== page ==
Paroxysm Management


Categories: Uncategorized
Sources: Disturbances Of The Heart

The immediate conditions to meet are the rapid fluttering heart, the

nervous excitation and cardiac anxiety, and perhaps the most

important of all, the vasomotor spasm that is often so pronounced.

Physically we have, then, a heart with leaking or constricted

valves; in either case more blood is entering the chambers of the

heart than can be expelled in one contraction, while the peripheral

resistance due to the spasm of the blood vessels, because of fear,

becomes greater every minute and tends still more to interfere with

the peripheral circulation and the complete emptying of the heart of

its surplus blood. Owing to the well known stimulus to distention of

hollow muscular organs, the heart contracts faster and faster.



Soon, by some disarrangement of the inhibitory apparatus, the

pneumogastric nerves, the heart loses its governor, and the beats

increase to even 150 a minute, with irregular contractions, the

blood being sent through the arteries with irregular force, as

evidenced by the varying volume of the pulse. At this time, with or

without cardiac pain, which upsets the rhythm of the heart, the

patient becomes frightened at the feeling of impending demise, and

the cerebral reflexes begin to add to the cardiac difficulty. The

breathing becomes nervously rapid, besides that which is due to the

rapid heart. The chill of fear is added to the already contracted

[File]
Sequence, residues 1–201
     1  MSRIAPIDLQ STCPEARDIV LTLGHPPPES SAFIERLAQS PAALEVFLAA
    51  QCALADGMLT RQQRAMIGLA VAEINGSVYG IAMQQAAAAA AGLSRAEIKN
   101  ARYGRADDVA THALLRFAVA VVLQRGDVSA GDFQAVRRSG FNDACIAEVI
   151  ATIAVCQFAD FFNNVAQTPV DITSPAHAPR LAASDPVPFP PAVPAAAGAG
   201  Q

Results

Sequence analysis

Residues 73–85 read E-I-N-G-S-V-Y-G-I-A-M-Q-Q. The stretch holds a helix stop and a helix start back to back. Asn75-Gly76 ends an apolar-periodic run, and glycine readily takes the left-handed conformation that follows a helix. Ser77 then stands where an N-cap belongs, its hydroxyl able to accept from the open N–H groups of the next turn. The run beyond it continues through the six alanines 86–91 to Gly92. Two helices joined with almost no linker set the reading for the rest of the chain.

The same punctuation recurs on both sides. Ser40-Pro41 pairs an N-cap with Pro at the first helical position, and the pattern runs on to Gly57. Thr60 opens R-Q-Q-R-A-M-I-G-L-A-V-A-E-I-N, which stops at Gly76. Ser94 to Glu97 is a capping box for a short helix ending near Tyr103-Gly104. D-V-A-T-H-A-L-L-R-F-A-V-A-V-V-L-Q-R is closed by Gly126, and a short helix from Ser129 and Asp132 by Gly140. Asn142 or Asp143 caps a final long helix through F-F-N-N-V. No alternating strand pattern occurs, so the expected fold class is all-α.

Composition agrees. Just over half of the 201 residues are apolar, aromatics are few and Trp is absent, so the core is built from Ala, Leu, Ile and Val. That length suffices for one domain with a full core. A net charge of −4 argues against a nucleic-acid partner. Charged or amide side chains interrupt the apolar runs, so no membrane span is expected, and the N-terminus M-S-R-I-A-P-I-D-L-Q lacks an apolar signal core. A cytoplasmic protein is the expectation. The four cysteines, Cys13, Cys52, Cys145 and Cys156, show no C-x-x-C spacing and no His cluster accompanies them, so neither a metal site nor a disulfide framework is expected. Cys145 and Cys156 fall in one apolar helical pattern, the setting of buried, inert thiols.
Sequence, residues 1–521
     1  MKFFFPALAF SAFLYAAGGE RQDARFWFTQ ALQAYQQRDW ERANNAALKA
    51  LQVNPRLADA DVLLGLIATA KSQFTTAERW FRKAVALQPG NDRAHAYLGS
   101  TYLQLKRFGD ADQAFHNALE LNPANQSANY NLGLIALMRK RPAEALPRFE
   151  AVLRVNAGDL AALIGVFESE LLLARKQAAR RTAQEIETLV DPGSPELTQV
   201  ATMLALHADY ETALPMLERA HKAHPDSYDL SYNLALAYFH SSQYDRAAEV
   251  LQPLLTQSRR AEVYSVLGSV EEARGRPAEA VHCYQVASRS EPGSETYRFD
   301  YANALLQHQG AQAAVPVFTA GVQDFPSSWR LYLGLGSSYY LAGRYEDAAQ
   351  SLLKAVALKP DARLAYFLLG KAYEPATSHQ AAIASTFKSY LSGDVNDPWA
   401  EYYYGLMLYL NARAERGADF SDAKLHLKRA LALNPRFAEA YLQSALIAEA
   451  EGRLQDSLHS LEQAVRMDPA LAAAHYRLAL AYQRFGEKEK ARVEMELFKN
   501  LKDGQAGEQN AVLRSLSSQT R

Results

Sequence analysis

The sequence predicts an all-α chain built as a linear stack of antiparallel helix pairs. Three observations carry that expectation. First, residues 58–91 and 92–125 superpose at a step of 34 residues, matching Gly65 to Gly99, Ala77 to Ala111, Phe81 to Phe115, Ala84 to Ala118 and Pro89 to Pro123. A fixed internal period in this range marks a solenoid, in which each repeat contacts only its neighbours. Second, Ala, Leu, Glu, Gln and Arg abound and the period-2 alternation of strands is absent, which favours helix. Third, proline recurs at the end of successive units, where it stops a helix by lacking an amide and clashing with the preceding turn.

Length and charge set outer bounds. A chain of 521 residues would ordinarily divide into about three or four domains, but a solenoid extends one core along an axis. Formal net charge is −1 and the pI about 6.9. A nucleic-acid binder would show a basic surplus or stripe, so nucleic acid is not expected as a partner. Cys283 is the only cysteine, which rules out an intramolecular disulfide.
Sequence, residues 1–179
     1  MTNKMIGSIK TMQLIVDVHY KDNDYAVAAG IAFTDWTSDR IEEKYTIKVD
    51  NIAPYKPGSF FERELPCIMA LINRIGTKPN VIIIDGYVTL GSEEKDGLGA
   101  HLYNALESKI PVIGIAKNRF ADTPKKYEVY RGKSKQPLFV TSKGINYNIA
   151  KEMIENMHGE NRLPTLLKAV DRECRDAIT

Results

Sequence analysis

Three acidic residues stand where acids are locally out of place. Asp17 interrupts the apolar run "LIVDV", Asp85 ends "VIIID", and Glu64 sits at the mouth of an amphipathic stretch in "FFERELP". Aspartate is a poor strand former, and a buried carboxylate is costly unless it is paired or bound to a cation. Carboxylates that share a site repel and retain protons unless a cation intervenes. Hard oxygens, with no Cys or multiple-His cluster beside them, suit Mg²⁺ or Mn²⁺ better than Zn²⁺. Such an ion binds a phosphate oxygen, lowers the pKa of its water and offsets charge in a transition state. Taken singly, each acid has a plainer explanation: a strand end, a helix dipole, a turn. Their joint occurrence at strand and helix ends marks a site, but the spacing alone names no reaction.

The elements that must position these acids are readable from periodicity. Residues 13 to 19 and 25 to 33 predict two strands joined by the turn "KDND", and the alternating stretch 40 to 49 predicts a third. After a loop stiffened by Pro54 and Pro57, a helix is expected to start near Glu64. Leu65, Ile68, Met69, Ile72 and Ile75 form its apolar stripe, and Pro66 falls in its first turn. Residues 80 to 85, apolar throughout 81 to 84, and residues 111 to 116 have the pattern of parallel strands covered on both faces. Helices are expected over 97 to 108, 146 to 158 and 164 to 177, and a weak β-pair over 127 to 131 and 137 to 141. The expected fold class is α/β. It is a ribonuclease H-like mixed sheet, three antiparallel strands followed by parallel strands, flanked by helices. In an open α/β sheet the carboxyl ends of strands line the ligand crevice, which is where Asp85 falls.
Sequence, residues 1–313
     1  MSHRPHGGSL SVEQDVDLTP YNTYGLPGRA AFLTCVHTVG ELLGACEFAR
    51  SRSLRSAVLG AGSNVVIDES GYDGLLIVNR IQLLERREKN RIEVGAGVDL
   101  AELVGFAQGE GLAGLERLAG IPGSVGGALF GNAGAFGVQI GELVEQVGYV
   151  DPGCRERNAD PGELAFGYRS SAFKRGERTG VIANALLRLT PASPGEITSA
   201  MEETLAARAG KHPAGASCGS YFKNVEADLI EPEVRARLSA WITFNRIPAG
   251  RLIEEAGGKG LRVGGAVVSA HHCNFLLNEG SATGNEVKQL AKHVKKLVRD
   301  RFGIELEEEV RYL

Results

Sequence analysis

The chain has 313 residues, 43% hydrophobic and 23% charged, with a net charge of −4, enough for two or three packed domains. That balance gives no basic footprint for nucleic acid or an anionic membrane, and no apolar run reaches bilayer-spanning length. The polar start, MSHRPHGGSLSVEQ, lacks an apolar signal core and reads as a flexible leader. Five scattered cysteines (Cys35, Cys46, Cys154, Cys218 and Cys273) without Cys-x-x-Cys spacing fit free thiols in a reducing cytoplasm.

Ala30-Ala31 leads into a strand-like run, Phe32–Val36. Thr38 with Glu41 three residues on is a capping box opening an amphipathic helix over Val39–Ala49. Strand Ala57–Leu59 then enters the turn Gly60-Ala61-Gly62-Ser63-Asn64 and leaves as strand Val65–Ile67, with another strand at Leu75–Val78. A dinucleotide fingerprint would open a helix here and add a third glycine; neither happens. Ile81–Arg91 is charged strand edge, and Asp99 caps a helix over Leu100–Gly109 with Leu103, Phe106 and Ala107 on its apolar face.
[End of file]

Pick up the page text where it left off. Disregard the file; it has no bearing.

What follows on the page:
peripheral vessels, and the surface of the body becomes cold, the

extremities sometimes intensely so. Next it seems as if the strongly

contracted arterioles begin actually to prevent some of the

peripheral circulation, the blood is piled up in the large arteries,

and the venous circulation becomes more and more sluggish, while the

lips, finger nails and forehead become cyanotic. Respiration becomes

more rapid and deep; the inspiration being as strong as possible

with every auxiliary muscle taking part, thus making the negative

pressure in the chest aid in bringing the blood back through the

veins. Part of the extra respiratory stimulus comes from the

imperfectly aerated blood reaching the respiratory center.



Two factors may normally, without treatment, stop these paroxysms,

and the "bad heart turn" may be cured spontaneously. The first of

these is self-control. If the patient does not lose his head, by an

effort of the will he saves himself from becoming nervous or

frightened and therefore escapes the result of mental excitement;

the increased peripheral blood pressure from fear does not occur,

and in a shorter or longer time the heart quiets down. The physician

recognizes this power, and gives his patient immediate assurance

that he will soon be all right; the patient who knows his physician

immediately feels this assurance and is quickly improved.



The second factor in spontaneous cure of the heart attack is

relaxation. The exhaustion from the respiratory muscular efforts,

together with the drowsy condition caused by the cerebral hyperemia

and from the imperfectly aerated blood, causes finally a dulling of

the mental acuity, and the nervous excitement abates, which, with

the exhaustion, gives a relaxation of peripheral arterioles: the

resistance to the flow of the blood is removed, the surface of the

body becomes warm, the heart quiets down by the equalization of the

circulation, and the paroxysm is over.





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